It’s a wonder anybody stays married at all.

Women are taught by society to want a man who is strong and fierce, but who is also sensitive and compliant, who will shed a tear during Sense and Sensibility  and listen patiently to her problems, but who will also throat-punch the jerk who disrespects her. Men are taught to suppress their feelings, to be stoic and strong, and internalize their stress and problems. Couples enter into marriages with these presets programmed into us, and when things go south, wonder what the hell happened.

Marriage is hard work. The hardest work there is. People change and grow, and hopefully they can do this together; this is usually a choice, whether conscious or not, and when a couple doesn’t grow together, they will inevitably grow apart. When things get close and mean, when the walls are pressing in, it’s easy to look around and decide that there is an easier way, that you’d be better off where the grass is a deeper shade of green. This is the message our culture continually bombards us with, through music, movies, and social media, this facade of pretty lies. People break and lives are destroyed as a result.


The fairy tale was never real. But marriage can be glorious and fulfilling. I’ve been through the crud and the blood and the muck, and I’ve had seasons where I woke up in the morning with an elephant on my chest.For some people, there is no other way, and my heart breaks for them.  I’m glad that my wife and I didn’t break, though. That we’ve decided that we’re going to grow together rather than apart. And in making it through the terrible, we’ve learned some important things about ourselves and each other. We look at one another now and say “till the wheels come off.”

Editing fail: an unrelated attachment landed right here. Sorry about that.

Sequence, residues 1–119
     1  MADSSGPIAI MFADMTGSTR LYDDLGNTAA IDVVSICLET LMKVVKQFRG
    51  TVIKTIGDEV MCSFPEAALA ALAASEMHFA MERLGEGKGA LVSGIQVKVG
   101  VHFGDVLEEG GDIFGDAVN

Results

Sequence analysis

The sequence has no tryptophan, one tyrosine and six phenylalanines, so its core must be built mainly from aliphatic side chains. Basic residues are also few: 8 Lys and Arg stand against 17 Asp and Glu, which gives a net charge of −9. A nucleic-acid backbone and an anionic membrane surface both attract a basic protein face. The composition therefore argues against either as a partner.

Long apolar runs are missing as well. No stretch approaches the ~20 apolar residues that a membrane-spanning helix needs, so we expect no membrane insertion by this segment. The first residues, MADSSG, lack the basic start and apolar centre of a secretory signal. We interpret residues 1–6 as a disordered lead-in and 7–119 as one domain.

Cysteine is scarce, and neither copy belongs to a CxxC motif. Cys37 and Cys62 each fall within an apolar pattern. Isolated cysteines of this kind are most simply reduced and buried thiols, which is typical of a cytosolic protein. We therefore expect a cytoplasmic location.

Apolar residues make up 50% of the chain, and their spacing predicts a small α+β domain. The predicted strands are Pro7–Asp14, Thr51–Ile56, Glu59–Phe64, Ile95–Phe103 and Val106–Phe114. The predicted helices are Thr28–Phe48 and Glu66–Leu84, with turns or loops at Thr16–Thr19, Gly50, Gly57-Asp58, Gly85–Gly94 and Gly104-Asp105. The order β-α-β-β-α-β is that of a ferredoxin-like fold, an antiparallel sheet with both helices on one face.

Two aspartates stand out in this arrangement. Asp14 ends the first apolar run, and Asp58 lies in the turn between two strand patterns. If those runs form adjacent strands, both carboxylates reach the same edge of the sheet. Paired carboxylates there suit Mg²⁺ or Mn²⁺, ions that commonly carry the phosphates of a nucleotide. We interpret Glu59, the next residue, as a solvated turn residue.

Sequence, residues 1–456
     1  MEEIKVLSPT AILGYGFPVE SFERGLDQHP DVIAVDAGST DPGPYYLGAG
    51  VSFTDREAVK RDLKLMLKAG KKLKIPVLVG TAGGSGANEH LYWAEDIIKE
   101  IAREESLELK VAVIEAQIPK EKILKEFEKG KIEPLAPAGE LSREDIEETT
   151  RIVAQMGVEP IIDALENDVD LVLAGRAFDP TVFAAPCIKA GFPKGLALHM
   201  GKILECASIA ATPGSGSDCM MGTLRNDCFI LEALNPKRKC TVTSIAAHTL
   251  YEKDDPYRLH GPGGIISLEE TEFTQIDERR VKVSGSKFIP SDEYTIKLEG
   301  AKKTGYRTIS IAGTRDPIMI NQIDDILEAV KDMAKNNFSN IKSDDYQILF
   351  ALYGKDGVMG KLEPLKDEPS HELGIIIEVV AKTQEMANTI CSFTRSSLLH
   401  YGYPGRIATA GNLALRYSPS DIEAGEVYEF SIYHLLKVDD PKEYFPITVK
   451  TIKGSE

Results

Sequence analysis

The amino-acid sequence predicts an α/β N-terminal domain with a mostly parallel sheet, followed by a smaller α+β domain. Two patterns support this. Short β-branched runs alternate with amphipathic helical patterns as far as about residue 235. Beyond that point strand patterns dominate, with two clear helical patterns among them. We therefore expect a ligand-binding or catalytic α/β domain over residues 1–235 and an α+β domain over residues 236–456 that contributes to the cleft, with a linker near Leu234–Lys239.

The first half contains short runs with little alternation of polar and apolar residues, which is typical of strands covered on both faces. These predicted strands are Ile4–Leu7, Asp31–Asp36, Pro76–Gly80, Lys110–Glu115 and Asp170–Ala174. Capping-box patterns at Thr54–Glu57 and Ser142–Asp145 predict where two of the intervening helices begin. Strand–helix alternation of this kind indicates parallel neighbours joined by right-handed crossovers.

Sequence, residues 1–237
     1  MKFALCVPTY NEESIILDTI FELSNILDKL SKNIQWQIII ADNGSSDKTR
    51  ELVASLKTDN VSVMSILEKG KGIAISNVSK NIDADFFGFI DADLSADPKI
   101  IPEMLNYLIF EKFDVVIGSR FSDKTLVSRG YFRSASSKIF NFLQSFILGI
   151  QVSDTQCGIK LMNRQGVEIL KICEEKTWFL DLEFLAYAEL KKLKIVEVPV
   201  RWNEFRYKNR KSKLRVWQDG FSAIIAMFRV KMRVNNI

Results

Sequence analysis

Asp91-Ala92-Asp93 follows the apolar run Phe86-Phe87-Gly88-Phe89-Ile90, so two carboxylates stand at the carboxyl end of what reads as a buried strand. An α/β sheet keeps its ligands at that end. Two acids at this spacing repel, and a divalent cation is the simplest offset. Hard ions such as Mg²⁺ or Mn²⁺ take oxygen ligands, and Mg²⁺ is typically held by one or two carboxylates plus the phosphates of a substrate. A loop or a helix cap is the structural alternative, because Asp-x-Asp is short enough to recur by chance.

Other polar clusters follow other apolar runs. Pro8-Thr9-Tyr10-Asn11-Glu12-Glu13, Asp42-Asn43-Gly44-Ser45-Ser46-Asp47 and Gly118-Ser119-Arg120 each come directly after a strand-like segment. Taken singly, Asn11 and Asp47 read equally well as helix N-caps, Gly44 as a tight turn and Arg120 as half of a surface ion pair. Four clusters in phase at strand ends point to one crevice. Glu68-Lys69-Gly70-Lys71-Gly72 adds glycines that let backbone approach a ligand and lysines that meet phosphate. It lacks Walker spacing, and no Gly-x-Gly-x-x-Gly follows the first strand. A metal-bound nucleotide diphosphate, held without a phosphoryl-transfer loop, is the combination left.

We’ve made a conscious effort to make each other better. With God’s help we’re going to make it. Partners, for better or worse, and that’s better than the fairy tale.


No Safe Place

No safe place is left these days
Though I wish it wasn’t true
Hunkered, shaking, in silent cold
A piece of me in you
Amid the ruins and bleached bones
This world gone insane
Bitten, bleeding, dying, dark
In the end betrayed

It wasn’t really you
I try to believe
Like the thing I am becoming
Won’t truly be me
Maybe we’re all hungry
And that’s how it’s always been
The ones that take big pieces
Are the ones we let in
I’m turning


From my novel in progress, The Tears of Abraham


Sometimes, bad decisions change little beyond the moment, and a wrong turn is merely that– a left which should have been a right. Often, though, a bad choice builds momentum and mass and creates its own gravity and destructive physics until the present, future, and the past are distorted and corrupted. Loving the wrong woman is like that.

It’s the hunger of the stone seeking rock bottom. The splash and the inevitable descent and weight of consequence dragging and drowning the laughter of young dreams deeper and darker into the mud and the choking abyss of mediocrity, irrelevance, and then oblivion. The ripples on the surface of the waters have no memory.